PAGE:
Zeballos Mayor Donn Cox says the size of the Vancouver Island village BC Stats estimates its population at 110 is a selling point.
There is peace and solitude, says Cox, who has lived in the northern Vancouver Island village for nine years.
“No sirens going off all night. No parking problems.
“If you want to stop and talk in the middle of the road everyone understands that you just drive around. You don’t pull up and honk.”
Zeballos, named for a crew member of an early ship of Spanish explorers, claimed fame in the 1930s when gold was discovered in the surrounding mountains. Some estimates say the population reached 1,500 when mining peaked between 1938 and 1943.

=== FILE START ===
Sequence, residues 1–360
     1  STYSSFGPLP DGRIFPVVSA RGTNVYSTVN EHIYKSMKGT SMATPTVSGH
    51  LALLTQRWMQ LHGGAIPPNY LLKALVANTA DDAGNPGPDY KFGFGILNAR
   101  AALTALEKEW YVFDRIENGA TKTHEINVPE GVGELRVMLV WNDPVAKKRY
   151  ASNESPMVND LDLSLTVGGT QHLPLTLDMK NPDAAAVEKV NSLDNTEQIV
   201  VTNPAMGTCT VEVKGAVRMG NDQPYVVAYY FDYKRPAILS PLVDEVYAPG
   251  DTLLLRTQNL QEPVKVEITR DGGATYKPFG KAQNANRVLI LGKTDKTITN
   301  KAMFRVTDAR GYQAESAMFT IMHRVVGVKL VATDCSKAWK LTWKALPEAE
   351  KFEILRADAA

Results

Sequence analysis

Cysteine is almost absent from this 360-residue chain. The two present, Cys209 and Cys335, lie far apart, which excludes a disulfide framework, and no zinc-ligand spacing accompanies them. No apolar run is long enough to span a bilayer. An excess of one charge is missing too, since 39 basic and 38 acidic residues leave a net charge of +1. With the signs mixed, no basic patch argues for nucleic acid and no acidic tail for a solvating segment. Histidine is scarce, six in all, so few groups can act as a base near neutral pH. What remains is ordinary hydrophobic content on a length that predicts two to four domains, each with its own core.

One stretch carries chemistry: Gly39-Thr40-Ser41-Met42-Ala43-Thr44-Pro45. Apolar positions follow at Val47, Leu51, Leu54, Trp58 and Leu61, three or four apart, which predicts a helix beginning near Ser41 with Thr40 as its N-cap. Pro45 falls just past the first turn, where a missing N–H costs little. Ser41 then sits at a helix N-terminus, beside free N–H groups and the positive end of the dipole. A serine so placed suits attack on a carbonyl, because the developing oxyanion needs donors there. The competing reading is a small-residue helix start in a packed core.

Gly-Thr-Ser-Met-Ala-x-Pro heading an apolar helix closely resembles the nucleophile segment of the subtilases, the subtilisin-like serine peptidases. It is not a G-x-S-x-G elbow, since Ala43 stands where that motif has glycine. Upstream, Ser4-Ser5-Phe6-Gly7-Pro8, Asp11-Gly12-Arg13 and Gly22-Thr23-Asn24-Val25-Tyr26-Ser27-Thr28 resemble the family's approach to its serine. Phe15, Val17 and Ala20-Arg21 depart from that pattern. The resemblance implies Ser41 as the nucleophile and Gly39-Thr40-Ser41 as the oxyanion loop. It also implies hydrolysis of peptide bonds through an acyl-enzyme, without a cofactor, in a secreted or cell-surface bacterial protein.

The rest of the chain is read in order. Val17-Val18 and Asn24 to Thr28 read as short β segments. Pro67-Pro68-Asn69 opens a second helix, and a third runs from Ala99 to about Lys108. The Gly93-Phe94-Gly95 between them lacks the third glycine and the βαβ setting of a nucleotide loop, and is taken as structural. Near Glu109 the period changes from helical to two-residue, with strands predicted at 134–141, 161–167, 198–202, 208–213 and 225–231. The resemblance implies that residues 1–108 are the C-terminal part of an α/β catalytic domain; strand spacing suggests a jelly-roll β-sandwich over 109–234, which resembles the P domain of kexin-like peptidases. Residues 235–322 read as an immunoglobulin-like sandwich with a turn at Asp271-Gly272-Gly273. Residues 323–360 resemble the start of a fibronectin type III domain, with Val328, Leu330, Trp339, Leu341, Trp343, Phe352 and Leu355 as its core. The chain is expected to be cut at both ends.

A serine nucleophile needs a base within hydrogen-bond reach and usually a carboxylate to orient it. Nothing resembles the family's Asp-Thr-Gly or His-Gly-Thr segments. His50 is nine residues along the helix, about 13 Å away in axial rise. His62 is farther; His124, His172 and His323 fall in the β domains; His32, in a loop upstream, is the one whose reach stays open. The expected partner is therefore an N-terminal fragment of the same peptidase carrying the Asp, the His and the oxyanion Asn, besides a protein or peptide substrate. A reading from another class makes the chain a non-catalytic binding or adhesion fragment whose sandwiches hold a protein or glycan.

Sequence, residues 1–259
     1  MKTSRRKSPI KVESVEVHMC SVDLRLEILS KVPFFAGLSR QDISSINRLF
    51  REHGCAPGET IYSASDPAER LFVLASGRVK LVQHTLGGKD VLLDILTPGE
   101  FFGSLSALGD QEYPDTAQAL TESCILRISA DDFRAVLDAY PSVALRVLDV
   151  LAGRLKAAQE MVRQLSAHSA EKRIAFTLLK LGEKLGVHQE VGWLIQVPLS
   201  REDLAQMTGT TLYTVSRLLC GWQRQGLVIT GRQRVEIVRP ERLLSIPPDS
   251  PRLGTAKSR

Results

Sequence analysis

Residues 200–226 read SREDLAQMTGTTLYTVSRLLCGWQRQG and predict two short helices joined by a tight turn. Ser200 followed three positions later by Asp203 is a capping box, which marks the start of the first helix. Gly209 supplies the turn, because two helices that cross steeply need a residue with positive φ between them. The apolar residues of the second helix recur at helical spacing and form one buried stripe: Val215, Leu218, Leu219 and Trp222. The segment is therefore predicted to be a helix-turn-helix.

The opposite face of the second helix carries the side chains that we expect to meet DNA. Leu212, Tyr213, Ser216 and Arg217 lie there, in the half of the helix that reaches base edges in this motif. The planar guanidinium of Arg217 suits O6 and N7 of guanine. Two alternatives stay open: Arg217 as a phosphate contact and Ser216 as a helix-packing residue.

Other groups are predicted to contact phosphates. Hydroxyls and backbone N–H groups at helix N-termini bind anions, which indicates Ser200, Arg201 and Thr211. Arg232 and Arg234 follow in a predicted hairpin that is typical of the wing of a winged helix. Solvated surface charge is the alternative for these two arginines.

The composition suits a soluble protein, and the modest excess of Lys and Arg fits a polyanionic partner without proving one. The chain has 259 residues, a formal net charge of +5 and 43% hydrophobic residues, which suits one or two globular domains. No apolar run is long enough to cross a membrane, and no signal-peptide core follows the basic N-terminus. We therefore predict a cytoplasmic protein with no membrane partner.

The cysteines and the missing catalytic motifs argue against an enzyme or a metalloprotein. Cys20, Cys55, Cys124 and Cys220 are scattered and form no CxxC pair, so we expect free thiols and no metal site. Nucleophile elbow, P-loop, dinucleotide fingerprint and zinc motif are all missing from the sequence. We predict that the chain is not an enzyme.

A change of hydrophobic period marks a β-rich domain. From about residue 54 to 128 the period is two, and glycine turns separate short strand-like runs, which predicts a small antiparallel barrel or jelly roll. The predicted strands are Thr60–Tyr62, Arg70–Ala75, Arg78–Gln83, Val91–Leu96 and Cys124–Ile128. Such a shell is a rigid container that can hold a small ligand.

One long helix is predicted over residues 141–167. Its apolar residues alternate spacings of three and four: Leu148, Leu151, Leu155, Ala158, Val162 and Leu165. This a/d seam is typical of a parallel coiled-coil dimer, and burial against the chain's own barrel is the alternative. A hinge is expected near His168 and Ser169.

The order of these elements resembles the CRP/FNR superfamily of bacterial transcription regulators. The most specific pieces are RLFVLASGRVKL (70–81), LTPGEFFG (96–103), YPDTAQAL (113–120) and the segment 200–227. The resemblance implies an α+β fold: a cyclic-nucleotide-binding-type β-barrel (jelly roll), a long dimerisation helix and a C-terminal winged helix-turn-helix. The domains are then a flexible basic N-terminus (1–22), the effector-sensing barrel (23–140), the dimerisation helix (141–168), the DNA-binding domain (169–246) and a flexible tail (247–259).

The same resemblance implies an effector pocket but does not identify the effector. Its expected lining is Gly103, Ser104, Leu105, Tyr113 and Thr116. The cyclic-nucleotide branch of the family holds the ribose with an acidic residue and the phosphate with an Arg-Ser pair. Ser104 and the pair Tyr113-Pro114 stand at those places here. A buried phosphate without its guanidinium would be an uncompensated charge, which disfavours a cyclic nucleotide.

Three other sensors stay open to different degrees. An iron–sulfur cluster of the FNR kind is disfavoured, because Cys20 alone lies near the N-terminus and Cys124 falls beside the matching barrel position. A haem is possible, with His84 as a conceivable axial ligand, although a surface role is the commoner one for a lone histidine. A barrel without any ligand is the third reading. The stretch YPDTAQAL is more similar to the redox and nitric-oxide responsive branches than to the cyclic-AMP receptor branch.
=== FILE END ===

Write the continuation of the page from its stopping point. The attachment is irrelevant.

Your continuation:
But the Privateer gold mine has long since closed, as has an iron mine. Logging, which had been the community s economic pillar, is sporadic.
What’s left is a village using its access to ocean, mountains and forest to reinvent itself as a tourist destination, says Cox, a 63-year-old ex-logger.
“People here are determined not to let the village disappear,” says Cox, who owns 12 properties in the village.
Fresh and saltwater fishing, scuba diving, surfing, kayaking, wildlife-viewing, caving and rock-climbing have replaced gold and iron as the reasons people visit and live.
Zeballos, nestled among mountains at the end of Zeballos Inlet, is 190 kilometres west of Campbell River. It's reached by a 44-kilometre gravel road off Highway 19.
Besides its stunning setting, the village's live-and-let-live attitude gives people the freedom to be themselves, Cox says.